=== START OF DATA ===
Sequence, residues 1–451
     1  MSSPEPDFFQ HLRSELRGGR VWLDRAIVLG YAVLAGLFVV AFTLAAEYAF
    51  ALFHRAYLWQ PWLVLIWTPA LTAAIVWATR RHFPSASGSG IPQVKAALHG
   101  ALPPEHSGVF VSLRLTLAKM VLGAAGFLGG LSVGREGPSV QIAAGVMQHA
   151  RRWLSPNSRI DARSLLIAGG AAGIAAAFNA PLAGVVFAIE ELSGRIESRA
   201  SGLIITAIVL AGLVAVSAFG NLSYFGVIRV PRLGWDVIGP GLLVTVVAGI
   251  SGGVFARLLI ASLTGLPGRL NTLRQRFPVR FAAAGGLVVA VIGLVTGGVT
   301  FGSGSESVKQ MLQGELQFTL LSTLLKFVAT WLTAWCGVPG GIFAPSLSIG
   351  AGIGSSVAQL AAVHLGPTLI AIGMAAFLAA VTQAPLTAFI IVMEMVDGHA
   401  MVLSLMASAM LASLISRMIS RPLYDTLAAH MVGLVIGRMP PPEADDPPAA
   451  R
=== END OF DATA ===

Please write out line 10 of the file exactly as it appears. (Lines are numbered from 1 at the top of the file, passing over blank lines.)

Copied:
   401  MVLSLMASAM LASLISRMIS RPLYDTLAAH MVGLVIGRMP PPEADDPPAA